18. Mundabor says:

    I have first been in Spain as a child, with my parents. Franco had gone to his heavenly reward just a couple of years earlier, the Avenida Diagonal was still called “Avenida del Generalisimo Franco” and he was still in the coins. Compared with the rhetoric of “backward, poor rural country” common in Italy the country was rather well off. Not like central Italy, but not very far.

    My father took fun in stopping people on the street, showing them a coin and asking in an extremely broken Spanish who this omnipresent chap was. The answers were a bit of everything, from “a pig” to “a saint” (great fun to check in the vocabolary by every word we didn’t know), but the vast majority of those “interviewed” certainly did not have any ill feelings towards him.

    I’d be very glad to die with the same odds of avoiding damnation as he had. Moratinos, I think it wouldn’t be a bad deal for you, either.



  19. Benedict Carter says:

    We have to judge Salazar and his regime by what was happening around him. A bankrupt secular-liberal State, not one balanced budget since 1910, when the monarchy was toppled after 1,000 years; extremely antipathetical forces on right and left; infrastructure (what there was) falling apart; the spectre of Communism.

    Salazar balanced the budget in his very first year in power, and balanced every budget thereafter until his stroke in the late 1960’s forced him to retire; he kept Portugal out of the Second World War, despite enormous pressure put on him by the Austrian Corporal; he invested very heavily in infrastructure, most of which is still working and formed the basis for new works funded by the EU; he suppressed the enemies of religion, the nation and all goodness (the Communists). About 200 people were executed in his years in power: a laughably small number for one provincial USSR town’s NKVD-OGPU output for a month in the 20’s and 30’s. His “Corporate State” explicitly tried to put into reality the great Social Teaching Encyclicals of Leo XIII and other Popes.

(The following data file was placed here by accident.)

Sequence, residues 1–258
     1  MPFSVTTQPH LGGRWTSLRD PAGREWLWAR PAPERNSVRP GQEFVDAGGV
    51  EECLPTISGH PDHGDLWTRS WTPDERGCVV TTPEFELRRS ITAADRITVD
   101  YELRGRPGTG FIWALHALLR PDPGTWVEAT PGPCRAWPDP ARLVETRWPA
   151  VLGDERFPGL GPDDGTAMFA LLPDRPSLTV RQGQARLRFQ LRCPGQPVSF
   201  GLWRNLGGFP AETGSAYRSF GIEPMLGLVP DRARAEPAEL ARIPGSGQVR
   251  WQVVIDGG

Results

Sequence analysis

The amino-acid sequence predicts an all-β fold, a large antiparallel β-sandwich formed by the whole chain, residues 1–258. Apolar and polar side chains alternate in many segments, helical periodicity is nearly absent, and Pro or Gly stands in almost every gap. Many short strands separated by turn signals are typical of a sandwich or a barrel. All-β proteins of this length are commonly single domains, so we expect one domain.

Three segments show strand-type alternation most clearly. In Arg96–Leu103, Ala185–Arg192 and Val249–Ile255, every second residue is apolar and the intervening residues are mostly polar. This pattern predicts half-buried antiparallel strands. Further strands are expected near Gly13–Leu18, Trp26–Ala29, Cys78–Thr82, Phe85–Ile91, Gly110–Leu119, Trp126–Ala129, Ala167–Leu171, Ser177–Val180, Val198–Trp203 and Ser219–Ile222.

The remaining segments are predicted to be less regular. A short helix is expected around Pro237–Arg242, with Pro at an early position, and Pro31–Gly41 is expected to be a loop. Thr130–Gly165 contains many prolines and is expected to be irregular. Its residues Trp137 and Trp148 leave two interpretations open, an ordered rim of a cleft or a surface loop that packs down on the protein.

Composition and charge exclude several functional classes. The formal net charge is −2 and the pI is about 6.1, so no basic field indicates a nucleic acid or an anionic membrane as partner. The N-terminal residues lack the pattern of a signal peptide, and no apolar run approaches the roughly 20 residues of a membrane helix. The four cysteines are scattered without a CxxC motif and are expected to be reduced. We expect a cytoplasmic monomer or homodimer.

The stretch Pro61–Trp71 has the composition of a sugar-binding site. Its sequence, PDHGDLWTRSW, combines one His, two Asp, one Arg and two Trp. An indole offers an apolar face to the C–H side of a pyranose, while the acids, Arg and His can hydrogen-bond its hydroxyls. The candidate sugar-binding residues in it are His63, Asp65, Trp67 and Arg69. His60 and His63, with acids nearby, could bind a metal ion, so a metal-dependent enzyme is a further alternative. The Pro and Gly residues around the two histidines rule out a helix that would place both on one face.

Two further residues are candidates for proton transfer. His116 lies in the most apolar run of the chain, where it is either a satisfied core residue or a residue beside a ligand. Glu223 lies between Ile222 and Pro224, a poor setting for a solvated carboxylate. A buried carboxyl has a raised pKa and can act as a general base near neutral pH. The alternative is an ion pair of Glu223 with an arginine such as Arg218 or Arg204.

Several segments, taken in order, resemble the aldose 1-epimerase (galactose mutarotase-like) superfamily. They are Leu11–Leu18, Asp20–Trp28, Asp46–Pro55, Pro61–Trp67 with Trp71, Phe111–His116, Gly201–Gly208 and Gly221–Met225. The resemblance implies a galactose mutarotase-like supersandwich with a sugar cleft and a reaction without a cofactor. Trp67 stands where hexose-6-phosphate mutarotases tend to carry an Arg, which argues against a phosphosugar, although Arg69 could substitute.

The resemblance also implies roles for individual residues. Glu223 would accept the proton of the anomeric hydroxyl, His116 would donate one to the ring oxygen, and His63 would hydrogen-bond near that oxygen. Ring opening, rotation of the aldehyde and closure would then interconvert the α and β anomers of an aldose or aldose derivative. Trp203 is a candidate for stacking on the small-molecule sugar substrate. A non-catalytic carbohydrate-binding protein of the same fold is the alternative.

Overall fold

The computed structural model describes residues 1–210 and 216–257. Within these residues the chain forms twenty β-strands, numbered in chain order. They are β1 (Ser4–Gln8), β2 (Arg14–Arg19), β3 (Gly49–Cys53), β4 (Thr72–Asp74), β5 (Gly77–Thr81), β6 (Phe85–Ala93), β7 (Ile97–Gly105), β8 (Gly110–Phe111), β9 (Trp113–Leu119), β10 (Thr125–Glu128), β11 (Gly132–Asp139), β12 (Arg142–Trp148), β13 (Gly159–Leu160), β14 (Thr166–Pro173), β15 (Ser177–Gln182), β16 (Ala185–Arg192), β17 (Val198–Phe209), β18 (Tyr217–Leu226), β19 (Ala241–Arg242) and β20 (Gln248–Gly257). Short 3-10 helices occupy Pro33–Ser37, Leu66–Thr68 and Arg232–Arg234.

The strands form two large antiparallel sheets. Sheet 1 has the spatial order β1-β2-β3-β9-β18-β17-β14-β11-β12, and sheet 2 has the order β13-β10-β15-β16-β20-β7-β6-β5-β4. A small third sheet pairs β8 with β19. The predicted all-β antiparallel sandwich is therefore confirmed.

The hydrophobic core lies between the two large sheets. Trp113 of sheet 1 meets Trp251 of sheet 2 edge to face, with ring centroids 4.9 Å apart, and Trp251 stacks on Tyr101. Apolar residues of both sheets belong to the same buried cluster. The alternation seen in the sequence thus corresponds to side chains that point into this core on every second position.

He was one of the very greatest men of the twentieth century and I for one revere his memory. The children here in Portugal, including my daughter, are taught in school that he was a monster: this is a laughable socialist propaganda outright lie. The older generations hold him in high regard – but are not allowed to voice the opnion in public.


  20. Gertrude says:

    Actually Ben I lived in Portugal when it was a dictatorship, and I have to say that apart from the many questions, having to register annually with the Embassy in Lisbon I would say that Portugal was a far more practising Catholic country then than it appears to be now.


  21. Benedict Carter says:

    The Faith is still alive here, but under great pressure: one, because of secularisiation and relativism, as everywhere; two, because of the Modernism of the Church here; three, because of the collapse of Catholic morality.

    Drugs, rampant infidelity, desire for money – all eat away at the Faith and at the fabric of society itself.


  22. toadspittle says:

    ”The world shall not be split in ideological camps, of which each hates the other.”

    Says Teresa

    Maybe you should read this blog, with its ravings about ‘left wing fanatics’ a little more carefully, Teresa…


  23. Benedict Carter says:


    You’re absolutely right, Toad, one can’t but rave at left-wing fanatics.


  24. rebrites says:

    Mundabor on July 16 at 10:20 said

    “communities have been exhisting in Christian territories for two thousand years without interruption; never has conversion been forced upon them, never has the Church ordered the burning of synagogues.”

    Stuff and nonsense. Just read up on our friend St. Vincent Ferrer, Castile, 1390-1397. Forced conversions, lynch mobs, virulent and hateful “sermons” that led to his righteous followers burning entire Jewish neighborhoods and murdering everyone who lived there. Sad but true. It´s history. Maybe the officials didn´t order it, but the Christians sure as shootin´ did the deeds, over and over again. But in official Catholic teaching Vincent is held up as a great “evangelist” to the Jews and Muslims, too — in the great Spanish point-of-the-sword tradition.


  25. zadjz says:

    Trouble is we’re all sinners and do things for which we have to ask forgiveness.


  26. zadjz says:

    I’m not sure that aliens is the right word…sojourners is more appropriate. here we have no abiding city – (Hebrews)


  27. joyfulpapist says:

    Sojourner is nice. ‘Alien’ has other connotations in today’s world, but I was thinking of the definition ‘owing allegiance to another country or land’ – in this case, the heavenly kingdom.


  28. churchmouse says:

    There is a left-wing Christian group in the US called the Sojourners …


  29. churchmouse says:

    What about ‘pilgrim’?


  30. joyfulpapist says:

    I like ‘pilgrim’ – just passing through, on the way to a special destination.


  31. Brother Burrito says:

    I once heard that Australians refer to motorcyclists as ‘temporary citizens’.
    Have you heard that one (kiwi) JP? 😉


  32. joyfulpapist says:

    I hadn’t heard that, but I like it!